An animation of images captured by the VIIRS instrument aboard the Suomi NPP satellite shows the eye of Typhoon Vongfong on Oct. 9, 2014. One image is in natural color. The other is a false color infrared image. (Source: NOAA/NASA) As I'm writing this, Typhoon Vongfong is slamming Okinawa and will soon pass directly over it. Vongfong has been lashing the Japanese island with winds exceeding 50 miles per hour for most of the past 12 hours. The typhoon's forecast track takes it on a projected course along the length of Japan this weekend, posing significant risks of flooding and mudslides, especially in areas hard hit by Typhone Phanfone, which left at least seven dead in Japan earlier this week. As a followup to a series of images of Vongfong that I posted yesterday, I thought I'd share the two close ups of the cyclone's eye in the animation at the top of this post. They were both acquired by the VIIRS instrument on the Suomi NPP satellite — one in natural color and the other in false-color infrared. I'm struck by the fine detail visible in the natural color image, most especially by the cloud structure inside the eye. And the blue, seemingly bottomless hole that is the eye of the cyclone visually symbolizes the very low atmospheric pressure there.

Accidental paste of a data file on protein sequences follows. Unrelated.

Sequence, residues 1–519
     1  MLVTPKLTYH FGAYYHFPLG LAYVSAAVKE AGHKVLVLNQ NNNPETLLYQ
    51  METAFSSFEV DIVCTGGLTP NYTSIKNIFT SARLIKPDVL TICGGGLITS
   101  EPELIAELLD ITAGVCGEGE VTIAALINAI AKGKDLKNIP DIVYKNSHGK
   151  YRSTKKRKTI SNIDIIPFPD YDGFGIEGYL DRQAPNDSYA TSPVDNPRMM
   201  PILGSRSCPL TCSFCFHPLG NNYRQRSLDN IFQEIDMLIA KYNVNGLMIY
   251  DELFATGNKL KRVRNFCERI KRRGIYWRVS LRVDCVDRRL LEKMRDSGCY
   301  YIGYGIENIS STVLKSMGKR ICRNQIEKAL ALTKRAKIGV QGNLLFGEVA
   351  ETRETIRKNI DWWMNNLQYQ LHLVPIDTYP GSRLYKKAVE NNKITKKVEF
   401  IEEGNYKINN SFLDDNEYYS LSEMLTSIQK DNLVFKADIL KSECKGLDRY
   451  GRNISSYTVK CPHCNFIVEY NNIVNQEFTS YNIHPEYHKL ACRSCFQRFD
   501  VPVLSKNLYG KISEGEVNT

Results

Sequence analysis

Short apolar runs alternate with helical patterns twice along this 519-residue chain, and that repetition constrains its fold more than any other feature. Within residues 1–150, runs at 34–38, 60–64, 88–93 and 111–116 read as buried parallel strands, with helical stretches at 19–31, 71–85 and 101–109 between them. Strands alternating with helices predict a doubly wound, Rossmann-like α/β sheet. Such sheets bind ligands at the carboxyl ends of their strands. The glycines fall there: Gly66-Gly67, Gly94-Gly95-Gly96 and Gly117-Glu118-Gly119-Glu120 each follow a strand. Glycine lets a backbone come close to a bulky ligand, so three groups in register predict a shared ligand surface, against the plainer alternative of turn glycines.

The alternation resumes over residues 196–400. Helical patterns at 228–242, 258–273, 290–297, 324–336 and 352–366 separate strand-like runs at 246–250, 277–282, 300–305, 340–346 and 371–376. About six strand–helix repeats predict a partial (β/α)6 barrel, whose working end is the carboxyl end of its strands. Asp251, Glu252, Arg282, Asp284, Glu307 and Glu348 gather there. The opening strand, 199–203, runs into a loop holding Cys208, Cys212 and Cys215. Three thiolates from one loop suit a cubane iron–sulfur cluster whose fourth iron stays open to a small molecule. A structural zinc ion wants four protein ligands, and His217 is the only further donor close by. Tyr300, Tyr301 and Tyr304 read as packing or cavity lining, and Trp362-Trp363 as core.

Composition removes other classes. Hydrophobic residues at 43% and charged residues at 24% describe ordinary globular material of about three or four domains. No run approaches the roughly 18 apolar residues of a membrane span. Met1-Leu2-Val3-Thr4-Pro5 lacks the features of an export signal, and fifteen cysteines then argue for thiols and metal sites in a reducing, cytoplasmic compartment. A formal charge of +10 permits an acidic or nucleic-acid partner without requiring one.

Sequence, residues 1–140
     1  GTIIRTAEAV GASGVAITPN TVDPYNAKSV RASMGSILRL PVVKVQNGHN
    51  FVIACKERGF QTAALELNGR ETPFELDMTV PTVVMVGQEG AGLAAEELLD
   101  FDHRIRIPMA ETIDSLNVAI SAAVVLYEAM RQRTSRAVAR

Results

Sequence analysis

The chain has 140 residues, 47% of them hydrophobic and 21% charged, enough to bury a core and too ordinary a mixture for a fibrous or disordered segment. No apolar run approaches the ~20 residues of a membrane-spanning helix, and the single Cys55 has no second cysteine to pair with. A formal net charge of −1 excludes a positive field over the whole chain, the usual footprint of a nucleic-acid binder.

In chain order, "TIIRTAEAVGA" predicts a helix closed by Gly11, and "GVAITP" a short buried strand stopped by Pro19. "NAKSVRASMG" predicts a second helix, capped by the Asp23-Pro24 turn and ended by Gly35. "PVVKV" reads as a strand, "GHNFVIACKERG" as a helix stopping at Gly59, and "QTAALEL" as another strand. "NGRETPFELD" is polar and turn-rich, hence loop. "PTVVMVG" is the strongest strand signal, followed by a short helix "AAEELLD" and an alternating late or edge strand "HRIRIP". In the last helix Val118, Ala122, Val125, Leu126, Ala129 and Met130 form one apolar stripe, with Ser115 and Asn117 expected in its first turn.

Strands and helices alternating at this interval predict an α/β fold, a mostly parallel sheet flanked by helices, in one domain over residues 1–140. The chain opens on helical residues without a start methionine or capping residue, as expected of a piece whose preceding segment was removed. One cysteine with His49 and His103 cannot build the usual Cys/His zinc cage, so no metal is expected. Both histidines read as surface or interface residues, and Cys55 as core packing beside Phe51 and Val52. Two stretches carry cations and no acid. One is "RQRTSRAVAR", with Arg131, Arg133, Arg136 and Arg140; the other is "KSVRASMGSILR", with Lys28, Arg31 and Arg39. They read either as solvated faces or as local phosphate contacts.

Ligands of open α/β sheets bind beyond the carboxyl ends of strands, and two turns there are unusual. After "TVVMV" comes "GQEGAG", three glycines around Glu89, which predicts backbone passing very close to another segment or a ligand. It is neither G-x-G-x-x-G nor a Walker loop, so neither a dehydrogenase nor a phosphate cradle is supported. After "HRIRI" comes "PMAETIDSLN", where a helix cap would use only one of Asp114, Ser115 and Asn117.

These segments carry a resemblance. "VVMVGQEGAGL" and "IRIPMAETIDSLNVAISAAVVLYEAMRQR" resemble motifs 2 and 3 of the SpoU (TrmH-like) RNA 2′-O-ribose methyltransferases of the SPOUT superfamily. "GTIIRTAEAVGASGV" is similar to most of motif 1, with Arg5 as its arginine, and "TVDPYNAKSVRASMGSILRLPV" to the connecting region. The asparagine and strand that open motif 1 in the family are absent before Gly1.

Typhoon Vongfong as seen by NASA's Terra satellite on Oct. 10, 2014. (Source: NASA) To give you a sense of the sheer scale of this storm, I thought I'd share this view of Vongfong from NASA's Terra satellite. (The black stripes are areas of missing data.) Check back over the weekend for more imagery of this dangerous storm.